trying to be a success in life, looking good. Modernism is
the dominant culture of the planet at this point. It's been
here in the United States and Western Europe for several hundred
years and dates back 500 years to the Renaissance. The Traditionals,
and it's very important that we say this, Traditionals, really
were the very first counter culture in the United States back
in the 19th century. They were the folks who were losing at
the game of modernism, who couldn't be successes in life.
They were making an innovative stance, oddly enough, but calling
it a return to tradition. They were inventing fundamentalism.
They were inventing the return to the idea that small town
and rural values were more virtuous than big city values.
In order to sound legitimate, they had to claim that they
were returning to an earlier way of life.
The reality was that the people who call
themselves Traditionals, or Social Conservatives, or Cultural
Conservatives, had origins that were completely within the
modern world. (past 100-150 years) Industrialism, urbanization
and bureaucracies were going full blast when they, in effect,
came up with the terms to describe who they (the Traditionals)
were. Such as: Patriarchy should dominate family life. Feminism's
a swear word. This is much different say, if you were in India,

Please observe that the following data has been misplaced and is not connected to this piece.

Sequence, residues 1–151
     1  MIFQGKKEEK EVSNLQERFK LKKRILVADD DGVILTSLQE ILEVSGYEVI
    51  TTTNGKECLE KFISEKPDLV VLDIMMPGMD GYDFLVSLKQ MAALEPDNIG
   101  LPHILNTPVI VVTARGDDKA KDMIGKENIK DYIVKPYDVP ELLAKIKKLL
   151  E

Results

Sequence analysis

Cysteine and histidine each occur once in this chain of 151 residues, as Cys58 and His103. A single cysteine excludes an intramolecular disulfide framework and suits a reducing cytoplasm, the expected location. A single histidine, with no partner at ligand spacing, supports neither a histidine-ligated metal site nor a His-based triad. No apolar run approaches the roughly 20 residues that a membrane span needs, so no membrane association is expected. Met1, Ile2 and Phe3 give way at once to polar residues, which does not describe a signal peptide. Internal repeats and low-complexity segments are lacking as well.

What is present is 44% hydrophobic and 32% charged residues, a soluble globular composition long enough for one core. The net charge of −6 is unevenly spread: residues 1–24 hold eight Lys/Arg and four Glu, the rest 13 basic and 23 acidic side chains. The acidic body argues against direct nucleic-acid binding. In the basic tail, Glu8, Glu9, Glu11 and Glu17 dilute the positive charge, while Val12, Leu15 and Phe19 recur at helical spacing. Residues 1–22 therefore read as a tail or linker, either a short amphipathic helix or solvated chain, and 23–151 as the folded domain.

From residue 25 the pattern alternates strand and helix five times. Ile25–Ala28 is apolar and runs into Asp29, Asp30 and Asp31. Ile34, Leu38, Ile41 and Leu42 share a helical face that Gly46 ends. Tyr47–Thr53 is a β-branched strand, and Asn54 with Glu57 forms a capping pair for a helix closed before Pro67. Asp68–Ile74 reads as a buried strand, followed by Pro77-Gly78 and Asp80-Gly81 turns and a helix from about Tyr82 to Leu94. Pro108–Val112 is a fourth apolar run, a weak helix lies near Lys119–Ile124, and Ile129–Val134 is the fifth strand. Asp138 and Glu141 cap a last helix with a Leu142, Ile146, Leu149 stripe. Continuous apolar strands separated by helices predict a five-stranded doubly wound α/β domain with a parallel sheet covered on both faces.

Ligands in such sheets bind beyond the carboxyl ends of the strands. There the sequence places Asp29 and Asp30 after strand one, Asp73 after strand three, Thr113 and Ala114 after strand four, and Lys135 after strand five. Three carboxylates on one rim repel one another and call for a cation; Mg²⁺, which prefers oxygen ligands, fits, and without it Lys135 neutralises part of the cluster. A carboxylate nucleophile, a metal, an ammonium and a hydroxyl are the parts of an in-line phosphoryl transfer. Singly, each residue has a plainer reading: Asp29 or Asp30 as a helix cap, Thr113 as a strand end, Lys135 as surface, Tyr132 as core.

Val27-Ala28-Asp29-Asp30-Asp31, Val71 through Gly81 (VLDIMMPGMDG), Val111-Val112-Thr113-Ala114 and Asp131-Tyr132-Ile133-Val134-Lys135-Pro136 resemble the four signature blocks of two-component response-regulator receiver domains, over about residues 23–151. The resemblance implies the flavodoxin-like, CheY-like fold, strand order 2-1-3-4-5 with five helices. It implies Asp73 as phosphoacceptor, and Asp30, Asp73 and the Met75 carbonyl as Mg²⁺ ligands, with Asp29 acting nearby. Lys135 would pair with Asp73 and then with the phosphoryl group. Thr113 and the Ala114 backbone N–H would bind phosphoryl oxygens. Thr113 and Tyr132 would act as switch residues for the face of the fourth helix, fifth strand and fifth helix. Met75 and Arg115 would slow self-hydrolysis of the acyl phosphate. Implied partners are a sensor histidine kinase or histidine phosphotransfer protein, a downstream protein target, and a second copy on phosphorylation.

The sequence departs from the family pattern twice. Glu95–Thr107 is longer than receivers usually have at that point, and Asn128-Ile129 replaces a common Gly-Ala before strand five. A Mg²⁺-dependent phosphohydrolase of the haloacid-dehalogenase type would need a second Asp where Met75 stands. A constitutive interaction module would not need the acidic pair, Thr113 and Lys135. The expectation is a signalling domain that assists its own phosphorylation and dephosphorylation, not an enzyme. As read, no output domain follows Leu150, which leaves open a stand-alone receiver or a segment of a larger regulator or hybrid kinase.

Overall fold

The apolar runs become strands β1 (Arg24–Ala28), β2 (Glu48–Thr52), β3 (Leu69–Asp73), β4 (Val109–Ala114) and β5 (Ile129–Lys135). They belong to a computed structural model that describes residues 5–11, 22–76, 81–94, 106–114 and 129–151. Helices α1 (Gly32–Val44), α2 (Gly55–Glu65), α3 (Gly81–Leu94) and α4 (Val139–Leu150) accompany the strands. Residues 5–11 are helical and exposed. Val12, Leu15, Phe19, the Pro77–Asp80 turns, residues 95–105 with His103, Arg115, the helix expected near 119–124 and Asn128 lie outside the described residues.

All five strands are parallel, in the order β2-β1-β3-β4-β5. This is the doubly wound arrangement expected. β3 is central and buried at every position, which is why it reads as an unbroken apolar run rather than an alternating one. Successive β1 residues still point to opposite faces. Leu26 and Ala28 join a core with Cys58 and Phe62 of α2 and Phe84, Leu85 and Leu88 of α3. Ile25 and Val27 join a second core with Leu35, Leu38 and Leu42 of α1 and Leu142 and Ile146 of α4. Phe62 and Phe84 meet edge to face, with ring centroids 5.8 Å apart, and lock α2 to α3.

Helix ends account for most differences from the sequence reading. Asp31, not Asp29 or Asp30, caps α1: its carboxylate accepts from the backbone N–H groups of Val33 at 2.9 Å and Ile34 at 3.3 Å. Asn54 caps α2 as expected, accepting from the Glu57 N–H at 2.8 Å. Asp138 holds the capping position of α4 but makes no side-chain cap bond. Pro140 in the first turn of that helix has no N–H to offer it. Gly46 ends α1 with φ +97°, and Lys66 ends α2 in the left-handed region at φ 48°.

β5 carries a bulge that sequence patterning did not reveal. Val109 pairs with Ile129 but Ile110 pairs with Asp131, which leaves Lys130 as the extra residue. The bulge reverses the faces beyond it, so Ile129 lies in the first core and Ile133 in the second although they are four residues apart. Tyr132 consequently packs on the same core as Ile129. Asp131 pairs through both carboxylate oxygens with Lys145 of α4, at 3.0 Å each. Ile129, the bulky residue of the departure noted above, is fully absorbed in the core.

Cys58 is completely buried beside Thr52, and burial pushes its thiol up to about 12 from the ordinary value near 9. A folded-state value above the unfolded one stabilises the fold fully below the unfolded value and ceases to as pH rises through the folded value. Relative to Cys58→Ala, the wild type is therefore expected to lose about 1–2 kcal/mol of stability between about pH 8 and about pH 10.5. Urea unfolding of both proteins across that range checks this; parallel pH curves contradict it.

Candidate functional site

China, or in Iran, and somebody said tradition to the people
who live there. Tradition is something that goes back 4,000-6,000
years. When somebody says tradition in the United States they
might mean 1910, it's not the same thing. So it's important
to note that in the United States, the Traditionals do not
predate the Moderns.
Modern culture is just less than half of the U.S. population,
or about 47-48% of Americans. The Moderns tend to be very
conventional; they take the world as it's given and don't
think too deeply about it. They look to be a success within
the terms of what's around them. You've got two kinds of descent
from it - two types of counterculture. One counterculture,
the Traditionals go back maybe a 150 years as I mentioned
-- and the Cultural Creatives, who go back 40 years. Each
of these has a very important moral objection. The distinction
is that the Cultural Creatives view of morality is much more
complicated, much more nuanced than the Traditionals. That's
very essential to the Cultural Creatives, that their moral
descent has a lot of spirituality in it. The Cultural Creatives
are not particularly either left or right. They're going off
in a new direction all together.
I remember thinking my whole life that I was different. Why
is it Cultural Creatives aren't always aware of where to find
other Cultural Creatives: I know I've wondered.
there's two big reasons. One is the way we got here. Each
of us, individually departed from either Modernism or Traditionalism,
one by one. At some point in your life you had to decide that
what you'd grown up with wasn't satisfying. So you tended
to make your own personal choice. The typical process for